I also still expect that Salesforce will continue to enhance its core Sales application with features that make it better at specific marketing automation functions like complex campaign flows and Web tracking. Between native apps and organic product growth, today’s B2B marketing automation vendors definitely face some serious threats from Salesforce even if it doesn’t target them directly. It’s like sleeping with an elephant: it could roll over and crush you without even noticing.

Speaking of which, one thing you don’t do when sleeping next to an elephant is to poke it awake. There’s an element of that in Revenue Performance Management, which stakes a claim to a much larger territory than marketing automation by itself. I discussed RPM with both Eloqua and Marketo during Dreamforce. Both share a vision of combining marketing automation data with sales data, and ideally with data from other sources. This expanded database is really the core of RPM because it’s what gives the end-to-end view of the revenue cycle.

I agree with the goal, but Salesforce also has its eye on storing all that data. The bigger the pool of data the marketing automation vendors assemble, the more appealing it looks to Salesforce. And if you combine the data with a claim to managing strategic decisions about marketing and sales programs, you’re definitely poaching on their turf. At the moment, it’s a bit of a blind spot because analytics and business intelligence have not been Salesforce strengths. But that could well change – in fact, it must change if Salesforce is to provide a comprehensive alternative to existing enterprise platforms. When it does, they won’t just accidentally crush RPM vendors by rolling over: they’ll take aim with their giant feet and stomp them directly.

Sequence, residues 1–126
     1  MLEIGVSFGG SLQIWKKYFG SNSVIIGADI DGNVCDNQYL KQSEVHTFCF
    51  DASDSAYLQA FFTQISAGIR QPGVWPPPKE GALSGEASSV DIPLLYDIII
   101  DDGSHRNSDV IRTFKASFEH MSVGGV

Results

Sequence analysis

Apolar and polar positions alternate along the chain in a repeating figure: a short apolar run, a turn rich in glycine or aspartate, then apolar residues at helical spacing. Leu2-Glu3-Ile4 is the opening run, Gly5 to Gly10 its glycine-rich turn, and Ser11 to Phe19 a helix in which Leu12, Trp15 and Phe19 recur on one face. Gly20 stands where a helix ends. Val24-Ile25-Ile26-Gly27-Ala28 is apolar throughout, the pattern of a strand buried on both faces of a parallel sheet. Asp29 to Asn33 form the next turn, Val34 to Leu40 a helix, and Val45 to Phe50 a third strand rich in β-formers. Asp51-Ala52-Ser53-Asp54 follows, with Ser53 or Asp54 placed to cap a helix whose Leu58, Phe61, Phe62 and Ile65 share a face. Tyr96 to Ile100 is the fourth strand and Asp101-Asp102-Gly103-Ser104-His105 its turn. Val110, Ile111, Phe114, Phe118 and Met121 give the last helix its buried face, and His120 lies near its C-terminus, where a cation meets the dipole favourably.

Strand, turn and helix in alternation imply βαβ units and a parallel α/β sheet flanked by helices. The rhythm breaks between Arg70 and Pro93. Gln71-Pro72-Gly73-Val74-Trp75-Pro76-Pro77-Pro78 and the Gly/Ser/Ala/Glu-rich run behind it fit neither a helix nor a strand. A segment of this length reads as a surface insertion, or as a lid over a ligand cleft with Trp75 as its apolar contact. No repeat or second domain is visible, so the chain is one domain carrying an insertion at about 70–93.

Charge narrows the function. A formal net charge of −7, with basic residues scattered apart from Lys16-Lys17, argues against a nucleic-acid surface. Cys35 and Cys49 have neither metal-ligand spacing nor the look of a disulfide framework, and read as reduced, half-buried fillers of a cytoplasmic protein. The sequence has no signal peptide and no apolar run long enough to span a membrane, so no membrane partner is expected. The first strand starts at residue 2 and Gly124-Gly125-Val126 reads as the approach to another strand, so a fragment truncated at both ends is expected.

Or maybe I’m being naive. Perhaps RPM is a way for marketing automation vendors to attract Salesforce’s attention as a potential strategic acquisition. In that case, poking the elephant is exactly the right approach.

Republished with author's permission from original post.